Linux Kernel in a Nutshell(影印版)
Linux Kernel in a Nutshell(影印版)
Greg Kroah-Hartman
本书由Linux 内核的顶尖开发和维护人员所写,向您提供了全面的内核配置和编译方法,而内核配置和编译正是Linux管理员和开发人员的关键任务。由于没有任何一个Linux的发行版可以仅用一个内核就满足所有人的需要,而面对各种计算机多多少少的特殊需求,对内核进行重新配置和重新编译就在所难免。《Linux Kernel技术手册》解释了如何让Linux按您所需要的表现和性能进行工作。
● 从下载内核源代码开始,编译并安装内核所需的全部步骤
● 确保所用工具与您的内核源代码版本相匹配的指南
● 诸如运行时内核选项控制这类相关主题的参考资料和讨论
● 各种“药方”列出您所需要的各项明细,以便您完成各项内容广泛的任务
无论您是试图用Linux听音乐,或者为一台笔记本电脑提供无线网络支持和电源管理,还是在一个大型的服务器上添加企业级的功能,如逻辑卷(logical volume)管理,2.6版的内核都能够胜任分配给它的任何任务。为了发挥它的所有潜能,您需要知道Linux提供的各种选择和配置选项。《Linux Kernel技术手册》为此提供了深入的精辟见解。
Greg Kroah-Hartman是一位Linux内核开发人员并负责维护好几个内核子系统。他所在的团队负责稳定内核版本的发布。
  1. Preface
  2. Part I. Building the Kernel
  3. 1. Introduction
  4. Using This Book
  5. 2. Requirements for Building and Using the Kernel . .
  6. Tools to Build the Kernel
  7. Tools to Use the Kernel
  8. 3. Retrieving the Kernel Source
  9. What Tree to Use
  10. Where to Find the Kernel Source
  11. What to Do with the Source
  12. 4. Configuring and Building
  13. Creating a Configuration
  14. Modifying the Configuration
  15. Building the Kernel
  16. Advanced Building Options
  17. 5. Installing and Booting from a Kernel
  18. Using a Distribution's Installation Scripts
  19. Installing by Hand
  20. Modifying the Bootloader for the New Kernel
  21. 6. Upgrading a Kernel
  22. Download the New Source
  23. Applying the Patch
  24. Reconfigure the Kernel
  25. Can't This Be Automated?
  26. Part II. Major Customizations
  27. 7. Customizing a Kernel
  28. Using a Distribution Kernel
  29. Determining the Correct Module from Scratch
  30. 8. Kernel Configuration Recipes
  31. Disks
  32. Devices
  33. CPU
  34. Networking
  35. Filesystems
  36. Security
  37. Kernel Debugging
  38. Part III. Kernel Reference
  39. 9. Kernel Boot Command-Line Parameter Reference
  40. Module-Specific Options
  41. Console Options
  42. Interrupt Options
  43. Memory Options
  44. Suspend Options
  45. CPU Options
  46. Scheduler Options
  47. Ramdisk Options
  48. Root Disk Options
  49. Init Options
  50. kexec Options
  51. RCU Options
  52. ACPI Options
  53. SCSI Options
  54. PCI Options
  55. Plug and Play BIOS Options
  56. SELinux Options
  57. Network Options
  58. Network File System Options
  59. Hardware-Specific Options
  60. Timer-Specific Options
  61. Miscellaneous Options
  62. 10. Kernel Build Command-Line Reference
  63. Informational Targets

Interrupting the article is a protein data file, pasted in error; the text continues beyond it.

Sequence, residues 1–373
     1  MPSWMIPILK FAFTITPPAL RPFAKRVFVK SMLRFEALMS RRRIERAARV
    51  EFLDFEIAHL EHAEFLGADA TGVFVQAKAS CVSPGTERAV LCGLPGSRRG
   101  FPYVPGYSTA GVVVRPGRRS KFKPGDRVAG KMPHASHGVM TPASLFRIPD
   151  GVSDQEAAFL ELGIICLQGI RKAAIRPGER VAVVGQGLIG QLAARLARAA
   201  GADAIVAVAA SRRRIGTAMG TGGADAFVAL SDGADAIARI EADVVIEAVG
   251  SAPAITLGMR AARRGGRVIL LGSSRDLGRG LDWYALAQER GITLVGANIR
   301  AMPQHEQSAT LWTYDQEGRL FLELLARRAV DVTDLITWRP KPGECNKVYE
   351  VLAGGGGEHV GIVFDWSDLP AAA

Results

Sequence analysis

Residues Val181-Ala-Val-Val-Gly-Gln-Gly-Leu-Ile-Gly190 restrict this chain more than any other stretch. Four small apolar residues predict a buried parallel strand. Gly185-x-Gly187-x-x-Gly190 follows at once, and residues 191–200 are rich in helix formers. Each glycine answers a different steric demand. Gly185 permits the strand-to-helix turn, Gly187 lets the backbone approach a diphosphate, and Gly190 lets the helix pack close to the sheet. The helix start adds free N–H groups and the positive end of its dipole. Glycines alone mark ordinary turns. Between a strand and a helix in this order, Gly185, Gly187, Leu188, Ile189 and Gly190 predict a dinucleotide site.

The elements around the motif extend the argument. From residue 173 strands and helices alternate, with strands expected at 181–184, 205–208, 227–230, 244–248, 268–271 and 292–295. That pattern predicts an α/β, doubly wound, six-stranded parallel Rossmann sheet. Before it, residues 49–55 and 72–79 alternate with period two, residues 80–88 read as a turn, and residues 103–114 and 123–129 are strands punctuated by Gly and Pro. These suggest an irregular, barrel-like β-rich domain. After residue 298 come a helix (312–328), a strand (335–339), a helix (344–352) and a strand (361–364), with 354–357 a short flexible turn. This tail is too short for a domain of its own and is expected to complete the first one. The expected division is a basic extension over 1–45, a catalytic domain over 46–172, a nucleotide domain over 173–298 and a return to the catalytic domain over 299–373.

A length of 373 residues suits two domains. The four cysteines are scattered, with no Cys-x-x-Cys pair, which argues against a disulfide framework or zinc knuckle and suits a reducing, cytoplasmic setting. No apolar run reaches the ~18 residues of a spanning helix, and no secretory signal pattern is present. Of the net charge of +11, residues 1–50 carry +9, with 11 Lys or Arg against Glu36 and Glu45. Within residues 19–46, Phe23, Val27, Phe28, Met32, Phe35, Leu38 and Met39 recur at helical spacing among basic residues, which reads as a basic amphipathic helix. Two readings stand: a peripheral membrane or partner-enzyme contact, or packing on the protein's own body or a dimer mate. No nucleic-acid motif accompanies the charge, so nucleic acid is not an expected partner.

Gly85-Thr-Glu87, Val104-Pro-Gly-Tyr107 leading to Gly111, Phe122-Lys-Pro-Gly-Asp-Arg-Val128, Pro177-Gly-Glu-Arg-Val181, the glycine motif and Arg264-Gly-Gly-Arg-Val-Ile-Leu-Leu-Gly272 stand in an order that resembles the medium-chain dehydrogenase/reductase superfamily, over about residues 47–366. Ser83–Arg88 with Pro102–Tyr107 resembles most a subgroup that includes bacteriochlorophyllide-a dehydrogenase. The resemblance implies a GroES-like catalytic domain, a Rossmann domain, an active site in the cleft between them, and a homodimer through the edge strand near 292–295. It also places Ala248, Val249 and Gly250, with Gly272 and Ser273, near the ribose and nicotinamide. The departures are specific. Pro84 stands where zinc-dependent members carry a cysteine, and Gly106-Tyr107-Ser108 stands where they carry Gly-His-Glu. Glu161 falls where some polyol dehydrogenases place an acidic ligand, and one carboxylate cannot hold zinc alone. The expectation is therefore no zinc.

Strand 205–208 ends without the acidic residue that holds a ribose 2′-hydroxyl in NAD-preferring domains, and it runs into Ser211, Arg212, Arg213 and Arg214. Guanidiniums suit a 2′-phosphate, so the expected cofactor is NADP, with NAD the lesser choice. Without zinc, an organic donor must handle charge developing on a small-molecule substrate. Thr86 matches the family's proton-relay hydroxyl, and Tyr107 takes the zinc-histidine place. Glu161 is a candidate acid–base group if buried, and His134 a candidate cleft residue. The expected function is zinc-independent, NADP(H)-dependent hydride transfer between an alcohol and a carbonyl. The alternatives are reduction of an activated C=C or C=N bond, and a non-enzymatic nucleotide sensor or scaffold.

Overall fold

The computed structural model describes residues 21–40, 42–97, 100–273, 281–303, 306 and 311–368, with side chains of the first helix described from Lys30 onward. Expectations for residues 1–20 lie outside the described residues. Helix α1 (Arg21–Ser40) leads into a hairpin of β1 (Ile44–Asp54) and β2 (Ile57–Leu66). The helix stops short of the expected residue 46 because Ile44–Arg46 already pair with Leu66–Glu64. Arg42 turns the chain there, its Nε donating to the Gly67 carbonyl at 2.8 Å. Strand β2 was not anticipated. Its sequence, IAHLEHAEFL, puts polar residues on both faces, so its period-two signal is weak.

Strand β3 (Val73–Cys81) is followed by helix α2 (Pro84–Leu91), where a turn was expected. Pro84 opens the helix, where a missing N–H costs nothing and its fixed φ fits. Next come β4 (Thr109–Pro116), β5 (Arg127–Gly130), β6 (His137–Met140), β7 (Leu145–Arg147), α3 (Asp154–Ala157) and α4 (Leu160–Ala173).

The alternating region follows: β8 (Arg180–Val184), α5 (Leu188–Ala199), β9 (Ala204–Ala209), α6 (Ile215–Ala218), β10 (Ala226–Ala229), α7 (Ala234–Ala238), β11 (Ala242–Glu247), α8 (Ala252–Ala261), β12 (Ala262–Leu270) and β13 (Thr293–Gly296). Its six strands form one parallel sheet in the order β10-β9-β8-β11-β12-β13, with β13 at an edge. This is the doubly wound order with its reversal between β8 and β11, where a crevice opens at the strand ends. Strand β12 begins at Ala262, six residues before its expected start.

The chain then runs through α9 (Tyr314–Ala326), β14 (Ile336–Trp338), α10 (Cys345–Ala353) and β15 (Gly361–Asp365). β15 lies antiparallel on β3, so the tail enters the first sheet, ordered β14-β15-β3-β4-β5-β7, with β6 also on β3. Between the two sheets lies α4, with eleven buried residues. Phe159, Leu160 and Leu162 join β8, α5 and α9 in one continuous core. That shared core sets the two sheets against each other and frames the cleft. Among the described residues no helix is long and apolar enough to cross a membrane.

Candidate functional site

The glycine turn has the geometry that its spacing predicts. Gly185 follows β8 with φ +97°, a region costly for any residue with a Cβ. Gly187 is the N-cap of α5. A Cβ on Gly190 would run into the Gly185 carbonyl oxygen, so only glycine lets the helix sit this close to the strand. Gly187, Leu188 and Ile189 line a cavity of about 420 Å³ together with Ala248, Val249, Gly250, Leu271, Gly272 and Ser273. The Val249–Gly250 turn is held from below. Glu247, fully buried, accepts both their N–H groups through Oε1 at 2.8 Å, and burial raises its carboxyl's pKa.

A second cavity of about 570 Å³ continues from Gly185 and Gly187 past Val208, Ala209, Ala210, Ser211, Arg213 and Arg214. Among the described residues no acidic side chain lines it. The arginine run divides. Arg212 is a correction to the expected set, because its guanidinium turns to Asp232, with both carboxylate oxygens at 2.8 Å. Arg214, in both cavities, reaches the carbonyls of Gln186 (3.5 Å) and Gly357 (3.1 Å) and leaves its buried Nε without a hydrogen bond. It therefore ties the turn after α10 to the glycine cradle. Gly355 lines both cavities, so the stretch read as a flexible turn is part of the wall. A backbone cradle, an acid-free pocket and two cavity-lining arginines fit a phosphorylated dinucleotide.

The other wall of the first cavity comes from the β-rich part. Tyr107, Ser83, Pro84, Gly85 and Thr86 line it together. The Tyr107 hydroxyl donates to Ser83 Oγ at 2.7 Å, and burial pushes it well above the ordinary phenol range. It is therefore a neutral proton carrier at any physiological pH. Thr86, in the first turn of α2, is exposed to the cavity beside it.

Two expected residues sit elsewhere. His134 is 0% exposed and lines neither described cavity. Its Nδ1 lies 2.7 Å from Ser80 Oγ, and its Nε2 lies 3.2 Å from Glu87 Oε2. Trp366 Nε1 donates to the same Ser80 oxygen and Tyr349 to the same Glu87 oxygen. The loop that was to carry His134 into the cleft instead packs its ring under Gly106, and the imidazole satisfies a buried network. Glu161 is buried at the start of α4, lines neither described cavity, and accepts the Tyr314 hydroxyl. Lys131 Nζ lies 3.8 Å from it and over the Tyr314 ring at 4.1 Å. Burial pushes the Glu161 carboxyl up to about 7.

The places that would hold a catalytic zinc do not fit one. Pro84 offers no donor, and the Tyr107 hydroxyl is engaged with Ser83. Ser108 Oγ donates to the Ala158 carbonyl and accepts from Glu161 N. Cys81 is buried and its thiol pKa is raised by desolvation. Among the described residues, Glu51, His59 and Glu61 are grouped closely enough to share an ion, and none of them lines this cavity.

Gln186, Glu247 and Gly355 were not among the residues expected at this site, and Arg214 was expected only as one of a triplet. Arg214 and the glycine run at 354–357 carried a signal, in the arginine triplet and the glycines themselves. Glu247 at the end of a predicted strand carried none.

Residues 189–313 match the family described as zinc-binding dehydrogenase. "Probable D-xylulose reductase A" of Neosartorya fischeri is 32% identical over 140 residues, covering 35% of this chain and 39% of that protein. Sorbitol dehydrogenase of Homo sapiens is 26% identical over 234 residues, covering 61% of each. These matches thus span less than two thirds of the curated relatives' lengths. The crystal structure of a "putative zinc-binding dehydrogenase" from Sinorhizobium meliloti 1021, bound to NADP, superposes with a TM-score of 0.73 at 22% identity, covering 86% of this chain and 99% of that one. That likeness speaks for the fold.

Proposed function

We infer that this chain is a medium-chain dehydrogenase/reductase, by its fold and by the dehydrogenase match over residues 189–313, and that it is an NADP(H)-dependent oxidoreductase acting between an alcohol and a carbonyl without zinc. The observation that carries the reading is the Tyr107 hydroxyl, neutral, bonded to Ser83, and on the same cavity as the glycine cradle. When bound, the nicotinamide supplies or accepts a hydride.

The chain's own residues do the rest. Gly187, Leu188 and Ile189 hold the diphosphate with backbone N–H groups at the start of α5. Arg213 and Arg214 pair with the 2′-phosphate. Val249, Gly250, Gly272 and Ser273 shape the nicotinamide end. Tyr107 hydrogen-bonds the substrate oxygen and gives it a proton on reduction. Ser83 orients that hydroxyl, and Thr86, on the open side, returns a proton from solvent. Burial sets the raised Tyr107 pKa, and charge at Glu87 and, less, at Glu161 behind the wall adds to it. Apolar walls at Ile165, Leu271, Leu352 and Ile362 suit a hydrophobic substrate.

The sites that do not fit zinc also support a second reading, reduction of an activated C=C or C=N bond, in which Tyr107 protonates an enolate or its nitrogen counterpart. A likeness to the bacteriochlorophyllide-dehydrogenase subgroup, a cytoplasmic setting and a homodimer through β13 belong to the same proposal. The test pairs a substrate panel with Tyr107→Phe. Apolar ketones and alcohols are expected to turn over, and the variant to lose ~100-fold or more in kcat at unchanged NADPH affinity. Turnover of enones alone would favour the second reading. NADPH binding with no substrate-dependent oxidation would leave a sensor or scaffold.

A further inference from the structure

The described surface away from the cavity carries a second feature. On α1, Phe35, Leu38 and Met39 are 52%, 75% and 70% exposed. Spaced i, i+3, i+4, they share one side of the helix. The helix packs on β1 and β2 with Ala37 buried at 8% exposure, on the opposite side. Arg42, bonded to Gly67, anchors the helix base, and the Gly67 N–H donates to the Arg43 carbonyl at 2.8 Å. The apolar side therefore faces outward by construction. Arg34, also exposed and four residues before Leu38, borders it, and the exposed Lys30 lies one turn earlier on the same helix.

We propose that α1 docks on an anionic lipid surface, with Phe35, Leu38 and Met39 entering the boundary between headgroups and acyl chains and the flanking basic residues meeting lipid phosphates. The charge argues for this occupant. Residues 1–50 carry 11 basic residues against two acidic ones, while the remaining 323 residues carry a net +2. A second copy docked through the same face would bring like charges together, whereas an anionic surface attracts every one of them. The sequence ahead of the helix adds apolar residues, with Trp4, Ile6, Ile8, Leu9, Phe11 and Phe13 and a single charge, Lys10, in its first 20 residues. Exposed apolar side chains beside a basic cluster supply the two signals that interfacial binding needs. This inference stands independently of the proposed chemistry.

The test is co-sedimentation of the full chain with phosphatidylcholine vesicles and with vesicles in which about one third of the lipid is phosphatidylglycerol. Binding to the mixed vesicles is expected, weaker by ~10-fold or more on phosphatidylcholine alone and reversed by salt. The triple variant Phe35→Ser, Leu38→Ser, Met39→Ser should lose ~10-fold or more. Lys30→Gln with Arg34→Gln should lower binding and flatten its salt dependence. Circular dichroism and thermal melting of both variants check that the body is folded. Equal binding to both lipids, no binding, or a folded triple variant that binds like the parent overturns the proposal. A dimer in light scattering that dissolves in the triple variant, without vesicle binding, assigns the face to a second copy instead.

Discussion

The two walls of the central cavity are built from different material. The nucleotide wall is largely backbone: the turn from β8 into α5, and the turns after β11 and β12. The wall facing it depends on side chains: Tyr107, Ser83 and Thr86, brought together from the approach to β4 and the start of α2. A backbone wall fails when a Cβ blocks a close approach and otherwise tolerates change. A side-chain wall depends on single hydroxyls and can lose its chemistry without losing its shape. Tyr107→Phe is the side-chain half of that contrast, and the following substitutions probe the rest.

64. Cleaning Targets
  65. Configuration Targets
  66. Build Targets
  67. Packaging Targets
  68. Documentation Targets
  69. Architecture-Specific Targets
  70. Analysis Targets
  71. 11. Kernel Configuration Option Reference
  72. Part IV. Additional Information
  73. A. Helpful Utilities
  74. Managing Your Patches with quilt
  75. git
  76. ketchup
  77. B. Bibliography
  78. Index
书名:Linux Kernel in a Nutshell(影印版)
原版书出版商:O'Reilly Media
Greg Kroah-Hartman
Greg Kroah-Hartman has been building the Linux kernel since 1996 and started
writing Linux kernel drivers in 1999. He is currently the maintainer of the USB,
PCI,driver core,and sysfs subsystems in the kernel source tree and is also one half of the -stable kernel release team. He created the udev program and maintains the Linux hotplug userspace project. He is a Gentoo Linux developer as well as the coauthor of the third edition of Linux Device Drivers (O'Reilly) and a contributing editor to Linux Journal. He also created and maintains the Linux Device Driver Kit. He currently works for SUSE Labs/Novell,doing various Linux kernelrelated tasks.

Greg Kroah-Hartman has been writing Linux kernel drivers since 1999 and is currently the maintainer for the USB, PCI, I2C, driver core, and sysfs kernel subsystems. He is also the maintainer of the udev and hotplug userspace programs, as well as a Gentoo kernel maintainer, ensuring that his inbox is never empty. He is a contributing editor to Linux Journal magazine.
The animal on the cover of Linux Kernel in a Nutshell is a cup coral (Balanophyllia
elegans). Most commonly found on or under shaded rocks,cup corals
range from British Columbia to Baja,California. Cup corals are generally orange
in color, with lighter orange tentacles extending out from the stony skeleton base.
Cup corals are armed with tentacles that have clusters of poisoning stingers called
spirocysts, which they use to prey on passing plankton. Once plankton is
captured, the coral will use its tentacles to draw the food into its stomach. Cup
corals also use their tentacles to attach themselves to rocks.
The cover image is from Riverside Natural History. The cover font is Adobe ITC
Garamond. The text font is Linotype Birka; the heading font is Adobe Myriad
Condensed; and the code font is LucasFont's TheSans Mono Condensed.